A loss-of-power incident is generally a survivable event as long as you keep your wits about you. One thing that could mean the difference between life and death is whether you leave the retractable gear up or down as you reach the point of your forced landing.
While you and your airplane would be best off with the gear down if you are landing on a hard surface, there may be times when the gear should stay in the wells. Like many things flying related, you need to make plans before a real emergency happens. Read your POH to see if there are any recommendations for your particular airplane. Query your instructor during your biennial or recurrent training sessions.
In most cases you may be best off keeping the gear up if the forced landing will end up in the water. Lowering the gear increases the risk of the airplane tumbling over the nose and you may get trapped inside. The same is true for very soft surfaces, such as snow or mud.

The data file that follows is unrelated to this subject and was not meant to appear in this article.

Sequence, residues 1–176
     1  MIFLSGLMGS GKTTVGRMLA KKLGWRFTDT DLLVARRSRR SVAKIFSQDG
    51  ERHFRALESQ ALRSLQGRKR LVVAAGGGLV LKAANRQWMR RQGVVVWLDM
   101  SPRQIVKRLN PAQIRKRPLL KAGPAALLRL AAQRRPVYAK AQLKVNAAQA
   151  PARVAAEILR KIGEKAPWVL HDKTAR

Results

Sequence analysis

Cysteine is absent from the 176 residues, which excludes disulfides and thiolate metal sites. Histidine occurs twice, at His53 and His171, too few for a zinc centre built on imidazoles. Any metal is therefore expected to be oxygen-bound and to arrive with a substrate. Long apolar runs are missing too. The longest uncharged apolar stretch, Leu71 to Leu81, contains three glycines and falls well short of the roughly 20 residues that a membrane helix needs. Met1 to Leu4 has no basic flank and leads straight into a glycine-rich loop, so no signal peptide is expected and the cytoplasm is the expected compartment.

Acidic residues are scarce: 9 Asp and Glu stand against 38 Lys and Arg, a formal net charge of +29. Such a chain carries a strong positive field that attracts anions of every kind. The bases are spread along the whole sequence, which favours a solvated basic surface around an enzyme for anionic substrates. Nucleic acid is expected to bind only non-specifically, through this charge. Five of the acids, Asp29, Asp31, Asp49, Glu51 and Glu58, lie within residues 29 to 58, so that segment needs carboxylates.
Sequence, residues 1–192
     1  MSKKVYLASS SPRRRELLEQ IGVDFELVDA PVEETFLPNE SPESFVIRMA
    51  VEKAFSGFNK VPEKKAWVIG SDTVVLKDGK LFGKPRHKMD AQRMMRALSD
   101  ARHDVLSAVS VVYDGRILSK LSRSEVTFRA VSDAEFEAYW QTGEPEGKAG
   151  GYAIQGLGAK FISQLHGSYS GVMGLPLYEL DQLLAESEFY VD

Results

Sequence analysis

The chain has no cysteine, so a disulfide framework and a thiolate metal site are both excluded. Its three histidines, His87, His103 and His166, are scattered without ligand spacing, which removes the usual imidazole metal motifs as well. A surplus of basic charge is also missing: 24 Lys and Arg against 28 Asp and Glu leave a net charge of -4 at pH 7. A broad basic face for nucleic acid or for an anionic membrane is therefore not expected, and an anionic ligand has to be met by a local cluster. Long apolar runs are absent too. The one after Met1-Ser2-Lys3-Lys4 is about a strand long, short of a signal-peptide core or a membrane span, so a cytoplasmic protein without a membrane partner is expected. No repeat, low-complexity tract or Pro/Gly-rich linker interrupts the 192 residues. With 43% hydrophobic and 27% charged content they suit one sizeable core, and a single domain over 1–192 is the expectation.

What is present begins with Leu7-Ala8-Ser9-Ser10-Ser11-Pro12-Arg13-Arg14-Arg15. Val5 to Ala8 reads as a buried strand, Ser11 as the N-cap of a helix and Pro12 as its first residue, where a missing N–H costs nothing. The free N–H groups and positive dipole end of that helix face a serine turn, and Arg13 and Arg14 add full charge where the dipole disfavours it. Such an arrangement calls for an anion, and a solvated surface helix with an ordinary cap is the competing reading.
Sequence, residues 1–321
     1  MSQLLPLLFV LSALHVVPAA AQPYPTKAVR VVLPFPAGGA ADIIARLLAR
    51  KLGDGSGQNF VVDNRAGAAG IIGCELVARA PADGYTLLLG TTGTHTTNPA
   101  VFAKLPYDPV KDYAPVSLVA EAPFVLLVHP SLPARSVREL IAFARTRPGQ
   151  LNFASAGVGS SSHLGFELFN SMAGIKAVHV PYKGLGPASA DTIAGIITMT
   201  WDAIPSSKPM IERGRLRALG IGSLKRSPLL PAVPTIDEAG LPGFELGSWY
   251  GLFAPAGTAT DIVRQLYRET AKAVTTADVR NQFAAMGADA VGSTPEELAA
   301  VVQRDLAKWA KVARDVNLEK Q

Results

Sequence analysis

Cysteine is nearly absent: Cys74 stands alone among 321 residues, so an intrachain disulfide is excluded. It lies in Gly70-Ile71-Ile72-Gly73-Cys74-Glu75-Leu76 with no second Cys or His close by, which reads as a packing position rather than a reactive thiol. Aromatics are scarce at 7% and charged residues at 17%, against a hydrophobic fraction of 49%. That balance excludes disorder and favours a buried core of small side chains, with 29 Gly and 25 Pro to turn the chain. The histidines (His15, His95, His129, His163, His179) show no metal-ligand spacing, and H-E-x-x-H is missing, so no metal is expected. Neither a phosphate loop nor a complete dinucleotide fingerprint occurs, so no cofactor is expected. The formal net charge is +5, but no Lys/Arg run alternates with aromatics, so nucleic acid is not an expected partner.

You should consider as many scenarios as you can dream up and think through the best course of action long before you get yourself in this precarious situation. Then, when you are busy assessing the quandary as you get closer and closer to terra firma, you won’t need as much time to evaluate whether you’re better off with the gear up or down.